Wednesday, 25 February 2009

Being green, "is not cool anymore"...

...Today's climate change hysteria is on the wane; in spite of greenpeace agitprop, James Hansen's scare mongering and media adoration of bad news... there is an increasing and ongoing dissent within political and environmental circles, and a palpable sense of boredom about doomsday scenarios. In this essay by Steven Hayward, a clear parallell with "yesterday's crisis mongers" (the 60's and 70's population control movement) is clearly evident...

...More than 30 years ago political scientist Anthony Downs wrote in the Public Interest of a five-step "issue-attention cycle" through which public enthusiasm for an issue gradually diminishes as we come to recognize the high cost of drastic action, and that the nature of the problem was exaggerated or misconceived. The environment, he wrote, would have a longer cycle than most issues because of its diffuse nature, but it appears that the public is finally arriving at the late stages of Downs's cycle. Opinion surveys show that the public isn't jumping on the global warming bandwagon despite a multi-million dollar marketing campaign and full-scale media hysteria. More broadly there are signs that "green fatigue" is setting in. Magazine publishers recently reported that their special Earth Day "green" issues generated the lowest newsstand sales of all issues published in 2008. "Suddenly Being Green Is Not Cool Any More," read a London Times headline in August....

... A few environmentalists on the left understand the profound defects of the radical green approach to politics, along with the conventional green approach to global warming. Ted Nordhaus and Michael Shellenberger, self-described "progressives" and authors of one of the most challenging recent books on the environment, Break Through: From the Death of Environmentalism to the Politics of Possibility, recognize and lament the authoritarianism of conventional environmentalism. "Environmental tales of tragedy begin with Nature in harmony and almost always end in quasi-authoritarian politics," Nordhaus and Shellenberger observe. While environmentalists like Eckersley embrace the postmodern language of "privilege" to denigrate traditional individual rights, Nordhaus and Shellenberger point up the obvious irony that it is environmentalism that is making the boldest claim to be given the most privileged position in politics: "The problem is not simply that it is difficult to answer the question ‘Who speaks for nature?' but rather that there is something profoundly wrong with the question itself. It rests on the premise that some people are better able to speak for nature, the environment, or a particular place than others. This assumption is profoundly authoritarian." ...more (well worth a read) here...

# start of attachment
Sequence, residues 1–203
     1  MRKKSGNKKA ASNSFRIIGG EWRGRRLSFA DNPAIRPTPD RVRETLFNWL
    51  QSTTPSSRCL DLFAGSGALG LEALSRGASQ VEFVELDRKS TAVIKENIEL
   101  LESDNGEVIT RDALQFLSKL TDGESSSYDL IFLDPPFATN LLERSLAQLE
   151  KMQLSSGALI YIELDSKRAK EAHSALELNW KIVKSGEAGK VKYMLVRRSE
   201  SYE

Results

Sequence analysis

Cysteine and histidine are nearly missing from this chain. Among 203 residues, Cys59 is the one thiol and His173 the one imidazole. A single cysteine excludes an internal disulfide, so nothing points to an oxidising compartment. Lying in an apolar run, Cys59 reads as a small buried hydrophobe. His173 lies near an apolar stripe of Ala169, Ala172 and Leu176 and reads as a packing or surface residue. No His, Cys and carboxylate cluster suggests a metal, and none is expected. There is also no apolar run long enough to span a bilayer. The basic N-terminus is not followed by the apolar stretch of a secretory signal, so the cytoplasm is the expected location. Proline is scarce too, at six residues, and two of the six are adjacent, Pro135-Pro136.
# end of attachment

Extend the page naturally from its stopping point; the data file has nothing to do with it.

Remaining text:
2 comments:

MK said...

I always say, scratch a hardcore greenie and sooner rather than later you'll find a human-hating, totalitarian fascist.

I sure hope this global warming bull is nearing the end of the cycle cos it can't end fast enough for me. Personally i think it's because a year or so ago, it didn't cost anything to feel all warm and fuzzy about mother nature. Any fool could just say, oh the government must do something to save the planet, because it wasn't going to cost the fool anything. At least that's how it was framed.

But things have changed now, economies are in the crapper, jobs are on the line, people are getting fired and what's worse, it's still bloody cold when it's supposed to be summer. So people are starting to wonder, if we keep foisting all these taxes onto business and they have to cut costs, that'll mean that i'll be out of a job soon to save gaia, or supposedly save her.

Nothing sobers one up quite like having to physically pay for your ignorance.

Here's to hoping the green scourge is behind us.

Ayrdale said...

The green scenario has held the holier than thou high ground for a long time, and with embedded green schoolteachers it won't evaporate easily.

The deaths from bushfires may be another wake up call to the community that so called green thinking can come at a dreadful price.

I despise the sanctimonious greens who subvert the genuine greenie within us all, the hatred of waste and pollution doesn't need their bullshit to make it worthy.